Tipton Cnty. Health Care Found., Inc. v. Tipton Cnty. Assessor

Decision Date20 February 2012
Docket NumberNo. 49T10–1101–TA–6.,49T10–1101–TA–6.
Citation961 N.E.2d 1048
PartiesTIPTON COUNTY HEALTH CARE FOUNDATION, INC. f/k/a Tipton County Memorial Hospital Foundation, Petitioner, v. TIPTON COUNTY ASSESSOR, Respondent.
CourtIndiana Tax Court


Brent A. Auberry, Daniel R. Roy, Fenton D. Strickland, Faegre Baker & Daniels LLP, Indianapolis, IN, for petitioner.

Gregory F. Zoeller, Attorney General of Indiana, Lynne D. Hammer, Deputy Attorney General, Indianapolis, IN, for respondent.


This case concerns whether the Indiana Board of Tax Review (the Indiana Board) properly determined that the Tipton County Health Care Foundation, Inc. (the Foundation) failed to raise a prima facie case that its assisted living facility is exempt from property tax under Indiana Code § 6–1.1–10–16. The Court affirms.


In 1998, Tipton County Memorial Hospital (the Hospital) built Autumnwood Village (Autumnwood), an assisted living facility. It is situated on 1.94 acres of land adjacent to the Hospital and two extended care facilities. All four facilities provide Tipton County's aging residents with access to a full continuum of care.

Autumnwood has 40 apartments, a central dining room, laundry rooms, a beauty salon, and several common areas. Many of the facility's amenities are similar to those found in traditional apartment living, but because Autumnwood was designed to meet the unique needs of individuals 55 years of age and older, it also provides amenities and services specifically directed at its aging population. For example, Autumnwood's apartments and common areas have extra-wide hallways and doors for wheelchair access; the hallways, elevators, and restrooms have handrails and grab bars for safety and mobility; all apartment doors are fireproof-rated so residents can wait in their apartments for rescue in the event of fire; and there is access to special security features, weekly transportation services, an emergency response system, on-site nursing, preferential access to certain nursing homes, and a variety of entertainment opportunities.

In late December 2007, the Hospital's Board of Trustees sold Autumnwood to the Foundation. Prior to the sale, the Hospital operated Autumnwood with assistance from Miller's Health Systems, Inc. (Miller's), an Indiana for-profit corporation that owns and operates 30 nursing homes under the name “Miller's Merry Manor” and 10 assisted living communities under the name “Miller's Senior Living” throughout Indiana. Under the terms of a “Management and Consulting Agreement” (the Agreement), Miller's provided consulting services, for a monthly fee, to the Hospital and for a short period to the Foundation with respect to Autumnwood's operations.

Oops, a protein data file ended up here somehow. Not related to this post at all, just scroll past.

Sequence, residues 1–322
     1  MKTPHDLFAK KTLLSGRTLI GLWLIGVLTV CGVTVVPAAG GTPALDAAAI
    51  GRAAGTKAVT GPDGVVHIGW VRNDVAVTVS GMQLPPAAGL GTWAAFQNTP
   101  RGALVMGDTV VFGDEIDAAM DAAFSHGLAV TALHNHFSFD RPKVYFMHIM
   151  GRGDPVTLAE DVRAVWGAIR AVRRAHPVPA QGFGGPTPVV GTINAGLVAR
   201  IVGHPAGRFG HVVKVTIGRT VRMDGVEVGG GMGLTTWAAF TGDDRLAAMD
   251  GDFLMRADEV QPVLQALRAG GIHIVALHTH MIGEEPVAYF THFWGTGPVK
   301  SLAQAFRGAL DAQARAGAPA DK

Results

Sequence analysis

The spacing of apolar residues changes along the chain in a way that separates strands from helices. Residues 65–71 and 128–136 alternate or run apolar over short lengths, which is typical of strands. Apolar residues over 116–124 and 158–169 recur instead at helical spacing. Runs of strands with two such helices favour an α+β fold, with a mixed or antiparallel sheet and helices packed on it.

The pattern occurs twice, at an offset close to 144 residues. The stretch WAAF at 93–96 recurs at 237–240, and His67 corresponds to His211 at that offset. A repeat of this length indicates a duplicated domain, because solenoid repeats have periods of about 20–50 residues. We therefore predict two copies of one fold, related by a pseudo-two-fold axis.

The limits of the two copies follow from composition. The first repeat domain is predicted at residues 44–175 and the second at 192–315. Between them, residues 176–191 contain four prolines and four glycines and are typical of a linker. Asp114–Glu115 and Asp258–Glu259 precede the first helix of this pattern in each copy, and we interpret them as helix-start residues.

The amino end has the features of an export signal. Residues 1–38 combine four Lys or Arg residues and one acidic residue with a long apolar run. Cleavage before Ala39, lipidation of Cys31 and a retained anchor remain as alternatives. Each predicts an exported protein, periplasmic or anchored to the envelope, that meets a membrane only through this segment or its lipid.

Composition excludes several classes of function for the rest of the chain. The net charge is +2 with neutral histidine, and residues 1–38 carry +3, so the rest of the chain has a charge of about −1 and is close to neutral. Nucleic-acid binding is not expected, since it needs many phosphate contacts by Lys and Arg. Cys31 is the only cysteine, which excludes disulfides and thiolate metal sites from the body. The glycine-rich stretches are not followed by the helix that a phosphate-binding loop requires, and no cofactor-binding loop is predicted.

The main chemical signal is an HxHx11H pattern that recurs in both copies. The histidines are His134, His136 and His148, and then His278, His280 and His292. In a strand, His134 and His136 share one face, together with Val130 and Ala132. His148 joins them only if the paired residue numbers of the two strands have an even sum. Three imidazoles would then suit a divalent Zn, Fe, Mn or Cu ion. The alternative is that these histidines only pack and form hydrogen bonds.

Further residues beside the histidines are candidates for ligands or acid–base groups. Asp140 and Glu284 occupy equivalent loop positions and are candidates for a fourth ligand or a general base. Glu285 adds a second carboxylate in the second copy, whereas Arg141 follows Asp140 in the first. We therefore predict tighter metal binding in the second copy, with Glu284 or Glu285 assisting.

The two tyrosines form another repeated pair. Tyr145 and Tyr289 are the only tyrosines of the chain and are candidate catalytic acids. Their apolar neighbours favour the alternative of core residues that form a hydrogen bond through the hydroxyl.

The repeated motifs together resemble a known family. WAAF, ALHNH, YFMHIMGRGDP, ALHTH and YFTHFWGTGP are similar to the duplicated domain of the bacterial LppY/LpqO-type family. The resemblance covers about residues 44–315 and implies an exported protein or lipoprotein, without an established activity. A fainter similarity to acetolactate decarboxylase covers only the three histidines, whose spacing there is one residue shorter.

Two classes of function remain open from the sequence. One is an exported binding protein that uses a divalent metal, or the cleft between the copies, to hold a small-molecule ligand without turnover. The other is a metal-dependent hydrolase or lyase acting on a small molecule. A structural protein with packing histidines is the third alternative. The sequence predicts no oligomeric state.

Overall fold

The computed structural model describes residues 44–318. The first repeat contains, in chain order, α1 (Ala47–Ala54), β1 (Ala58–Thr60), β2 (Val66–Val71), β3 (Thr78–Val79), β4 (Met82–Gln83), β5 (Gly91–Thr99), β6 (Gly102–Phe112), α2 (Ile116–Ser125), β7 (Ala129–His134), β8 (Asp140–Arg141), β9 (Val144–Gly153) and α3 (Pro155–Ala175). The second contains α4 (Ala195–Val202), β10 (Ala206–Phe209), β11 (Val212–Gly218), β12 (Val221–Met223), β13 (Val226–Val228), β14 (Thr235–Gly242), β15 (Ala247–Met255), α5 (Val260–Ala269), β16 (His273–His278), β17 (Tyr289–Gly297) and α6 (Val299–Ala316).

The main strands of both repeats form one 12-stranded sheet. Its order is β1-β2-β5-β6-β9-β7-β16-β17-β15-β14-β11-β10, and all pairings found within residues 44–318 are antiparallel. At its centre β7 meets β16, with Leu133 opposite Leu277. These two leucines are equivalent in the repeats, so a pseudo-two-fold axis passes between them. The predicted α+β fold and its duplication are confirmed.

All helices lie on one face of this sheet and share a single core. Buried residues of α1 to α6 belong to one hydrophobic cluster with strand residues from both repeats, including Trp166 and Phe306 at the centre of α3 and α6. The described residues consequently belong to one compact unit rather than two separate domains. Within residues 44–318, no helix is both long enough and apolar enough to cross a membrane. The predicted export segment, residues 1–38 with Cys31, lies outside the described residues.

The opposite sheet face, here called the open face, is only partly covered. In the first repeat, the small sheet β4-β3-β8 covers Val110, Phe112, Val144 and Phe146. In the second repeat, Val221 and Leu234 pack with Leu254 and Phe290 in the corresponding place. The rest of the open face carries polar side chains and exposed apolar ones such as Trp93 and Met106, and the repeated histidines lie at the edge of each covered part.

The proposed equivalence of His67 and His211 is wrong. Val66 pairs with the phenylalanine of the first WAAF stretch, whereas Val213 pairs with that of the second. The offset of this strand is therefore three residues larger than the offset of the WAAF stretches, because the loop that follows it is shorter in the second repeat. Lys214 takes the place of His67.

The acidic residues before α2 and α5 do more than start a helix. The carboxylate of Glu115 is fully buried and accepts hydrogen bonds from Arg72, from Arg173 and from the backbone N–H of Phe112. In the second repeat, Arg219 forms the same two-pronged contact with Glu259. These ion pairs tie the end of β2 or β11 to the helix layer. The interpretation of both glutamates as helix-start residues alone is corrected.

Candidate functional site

Beginning on January 1, 2008, the Foundation leased Autumnwood to Miller's for five years pursuant to a triple net lease (Lease). ( See Cert. Admin. R. at 434–57.) Under the Lease, the Foundation agreed to deliver exclusive possession of Autumnwood to Miller's, allowing Miller's to either rename Autumnwood consistent with one of its own trade names or continue to operate the facility under its current name. (Cert. Admin. R. at 436.) Miller's in turn agreed to use Autumnwood as an assisted living facility and pay the Foundation an annual base rent and certain other expenses including all utilities and property taxes. (Cert. Admin. R. at 435, 438, 443.) The Lease further stated that:

[n]othing in th[e] Lease shall be deemed or be construed to render or constitute Landlord and Tenant, actually or constructively and in any or for any purpose, as being partners, joint venturers, or associates, or as having any relationship whatever other than that of Landlord and Tenant under th[e] Lease; nor shall anything in th[e] Lease be deemed or be construed to authorize either party to act as agent for the other party, except to the extent specifically and expressly provided otherwise in th[e] Lease.

(Cert. Admin. R. at 451.)

The Foundation timely filed an “Application for Property Tax Exemption” with the Tipton County Property Tax Assessment Board of Appeals (PTABOA) requesting a charitable purposes exemption for the 2008 and 2009 tax years. The PTABOA denied each. The Foundation filed an appeal with the Indiana Board, an administrative hearing was held, and the Indiana Board issued a final determination finding that the Foundation did not make a prima facie case that Autumnwood was entitled to a charitable purposes exemption.

On January 27, 2011, the Foundation filed this original tax appeal. The Court heard oral arguments on November 18, 2011. Additional facts will be supplied as necessary.


This Court gives great deference to final determinations of the Indiana Board when it acts within the scope of its authority. Wittenberg Lutheran Vill. Endowment Corp. v. Lake Cnty. Prop. Tax Assessment Bd. of Appeals, 782 N.E.2d 483, 486 (Ind. Tax Ct.2003), review denied. Consequently, the Court will reverse a final determination of the Indiana Board only if it is: